ROMNEY: My sons are (INAUDIBLE) of my jokes. I live for laughter, Three Stooges, Laurel and Hardy.
ACOSTA: I don't know if you noticed there, Wolf, but that was from an interview that you did with the Romneys aboard their campaign bus back in Iowa.
Meanwhile, Democrats counter Romney's plans are a throwback to the presidency of George W. Bush, who told a reporter earlier today here in Washington, I'm for Mitt Romney.
In a statement from the Romney campaign, a spokeswoman said, "We welcome the president's support as we welcomed his father's."
Just wanted to point out, Wolf, you were in there in that video as well.
BLITZER: Yes. Well, they edited me out of there. They put someone else in that bus.
But what took President Bush so long to finally endorse, come on board the Romney campaign?
ACOSTA: He didn't stick around for any follow-up questions. And that is a big question that is out there. Not only why did it take President Bush, George W. Bush, so long to give this endorsement, but why did it take the Romney campaign so long to get this out there?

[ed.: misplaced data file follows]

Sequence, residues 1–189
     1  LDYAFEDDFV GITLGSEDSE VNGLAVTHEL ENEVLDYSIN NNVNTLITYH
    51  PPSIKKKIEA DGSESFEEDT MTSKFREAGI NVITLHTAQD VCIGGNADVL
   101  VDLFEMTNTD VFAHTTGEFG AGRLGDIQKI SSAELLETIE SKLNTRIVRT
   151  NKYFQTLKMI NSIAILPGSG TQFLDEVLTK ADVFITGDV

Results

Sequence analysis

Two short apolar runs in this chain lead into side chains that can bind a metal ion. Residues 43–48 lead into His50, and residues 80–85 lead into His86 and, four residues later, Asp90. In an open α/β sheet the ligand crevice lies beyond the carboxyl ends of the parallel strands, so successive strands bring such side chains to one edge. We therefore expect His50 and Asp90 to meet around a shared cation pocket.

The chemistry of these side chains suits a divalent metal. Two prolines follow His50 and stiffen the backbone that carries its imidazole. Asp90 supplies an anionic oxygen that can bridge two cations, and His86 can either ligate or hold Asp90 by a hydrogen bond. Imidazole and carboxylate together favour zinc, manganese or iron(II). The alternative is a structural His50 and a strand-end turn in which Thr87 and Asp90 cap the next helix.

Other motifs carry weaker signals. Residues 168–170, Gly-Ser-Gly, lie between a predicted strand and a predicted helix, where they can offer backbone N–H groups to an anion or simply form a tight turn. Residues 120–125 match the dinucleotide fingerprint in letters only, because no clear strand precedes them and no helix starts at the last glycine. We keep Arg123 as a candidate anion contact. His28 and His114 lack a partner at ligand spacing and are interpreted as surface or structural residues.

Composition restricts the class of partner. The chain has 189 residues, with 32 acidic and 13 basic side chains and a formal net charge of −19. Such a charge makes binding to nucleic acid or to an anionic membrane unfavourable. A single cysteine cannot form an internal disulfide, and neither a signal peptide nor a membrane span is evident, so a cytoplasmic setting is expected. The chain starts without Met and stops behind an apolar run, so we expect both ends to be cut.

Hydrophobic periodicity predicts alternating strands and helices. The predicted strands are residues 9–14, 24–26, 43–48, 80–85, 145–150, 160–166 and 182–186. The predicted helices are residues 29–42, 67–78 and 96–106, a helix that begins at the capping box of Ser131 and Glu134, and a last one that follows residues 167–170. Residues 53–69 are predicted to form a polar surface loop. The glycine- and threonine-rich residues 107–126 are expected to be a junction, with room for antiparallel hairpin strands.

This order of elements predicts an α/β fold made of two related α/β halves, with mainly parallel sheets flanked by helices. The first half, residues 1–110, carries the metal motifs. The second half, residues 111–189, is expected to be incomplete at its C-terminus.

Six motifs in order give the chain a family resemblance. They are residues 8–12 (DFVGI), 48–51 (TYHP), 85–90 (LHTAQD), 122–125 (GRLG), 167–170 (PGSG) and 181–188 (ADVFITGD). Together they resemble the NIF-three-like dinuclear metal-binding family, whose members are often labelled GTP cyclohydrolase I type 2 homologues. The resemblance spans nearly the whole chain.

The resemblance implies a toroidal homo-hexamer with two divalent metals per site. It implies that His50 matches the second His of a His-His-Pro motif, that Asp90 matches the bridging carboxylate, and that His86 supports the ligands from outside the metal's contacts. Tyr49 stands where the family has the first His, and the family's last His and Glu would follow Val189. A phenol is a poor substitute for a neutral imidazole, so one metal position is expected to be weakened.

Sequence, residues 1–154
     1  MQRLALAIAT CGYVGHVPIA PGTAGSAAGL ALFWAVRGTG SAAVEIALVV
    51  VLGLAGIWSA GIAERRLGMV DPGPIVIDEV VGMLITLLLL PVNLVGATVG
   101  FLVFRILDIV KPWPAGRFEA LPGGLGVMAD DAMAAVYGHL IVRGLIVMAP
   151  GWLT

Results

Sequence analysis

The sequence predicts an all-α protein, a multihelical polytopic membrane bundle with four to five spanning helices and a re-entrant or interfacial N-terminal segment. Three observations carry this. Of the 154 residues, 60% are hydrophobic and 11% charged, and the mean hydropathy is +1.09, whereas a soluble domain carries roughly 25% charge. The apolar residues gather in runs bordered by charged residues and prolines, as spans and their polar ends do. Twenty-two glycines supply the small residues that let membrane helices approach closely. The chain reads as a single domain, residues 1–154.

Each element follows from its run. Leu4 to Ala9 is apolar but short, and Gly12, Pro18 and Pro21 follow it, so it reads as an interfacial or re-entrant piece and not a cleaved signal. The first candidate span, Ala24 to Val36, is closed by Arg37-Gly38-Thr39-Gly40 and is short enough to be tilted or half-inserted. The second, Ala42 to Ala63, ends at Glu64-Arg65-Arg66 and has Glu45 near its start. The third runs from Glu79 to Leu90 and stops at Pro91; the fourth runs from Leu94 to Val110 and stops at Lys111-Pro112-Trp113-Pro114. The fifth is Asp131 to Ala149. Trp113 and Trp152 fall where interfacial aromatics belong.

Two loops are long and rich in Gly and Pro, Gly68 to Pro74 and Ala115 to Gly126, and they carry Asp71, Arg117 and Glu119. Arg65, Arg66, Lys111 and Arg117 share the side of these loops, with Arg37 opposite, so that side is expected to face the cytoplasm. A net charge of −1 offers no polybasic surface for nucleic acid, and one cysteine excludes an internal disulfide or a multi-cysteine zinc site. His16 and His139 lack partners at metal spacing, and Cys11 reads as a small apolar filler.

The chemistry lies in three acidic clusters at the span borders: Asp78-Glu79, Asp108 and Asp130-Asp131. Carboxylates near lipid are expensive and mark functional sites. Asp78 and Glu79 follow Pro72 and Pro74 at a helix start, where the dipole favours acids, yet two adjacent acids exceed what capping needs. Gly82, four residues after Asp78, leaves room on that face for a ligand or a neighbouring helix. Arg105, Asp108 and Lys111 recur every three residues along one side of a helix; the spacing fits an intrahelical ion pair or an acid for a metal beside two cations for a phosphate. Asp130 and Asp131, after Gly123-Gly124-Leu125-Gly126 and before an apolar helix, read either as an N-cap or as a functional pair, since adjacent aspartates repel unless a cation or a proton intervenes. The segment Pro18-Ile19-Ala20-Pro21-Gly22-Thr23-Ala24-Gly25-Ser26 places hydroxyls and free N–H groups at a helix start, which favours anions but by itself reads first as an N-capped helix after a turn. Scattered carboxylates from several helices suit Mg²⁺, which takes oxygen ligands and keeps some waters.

Obviously, this is a different situation when compared to perhaps getting the endorsement of Jeb Bush or George H.W. Bush. A lot of Americans out there still blame President George W. Bush for the problems that are out there with the economy right now.
So perhaps this sort of lukewarm endorsement and reception of that endorsement, you know, that may speak volumes in terms of just how popular George W. Bush still is in this country, Wolf.
BLITZER: Yes, I think you're absolutely right, Jim. Thanks very much.
Let's dig a little bit deeper right now with our chief political analyst, Gloria Borger.
Gloria, how much of a window does the Obama campaign and their supporters have to try to discredit Romney and his Bain Capital business experience?
GLORIA BORGER, CNN SENIOR POLITICAL ANALYST: They do have a small window now. This is a point in a campaign -- primaries are over for the Republicans -- and you try and define your opponent. And I think the White House takes a look at the polling and they say, what's the one area in which Mitt Romney does better than Barack Obama?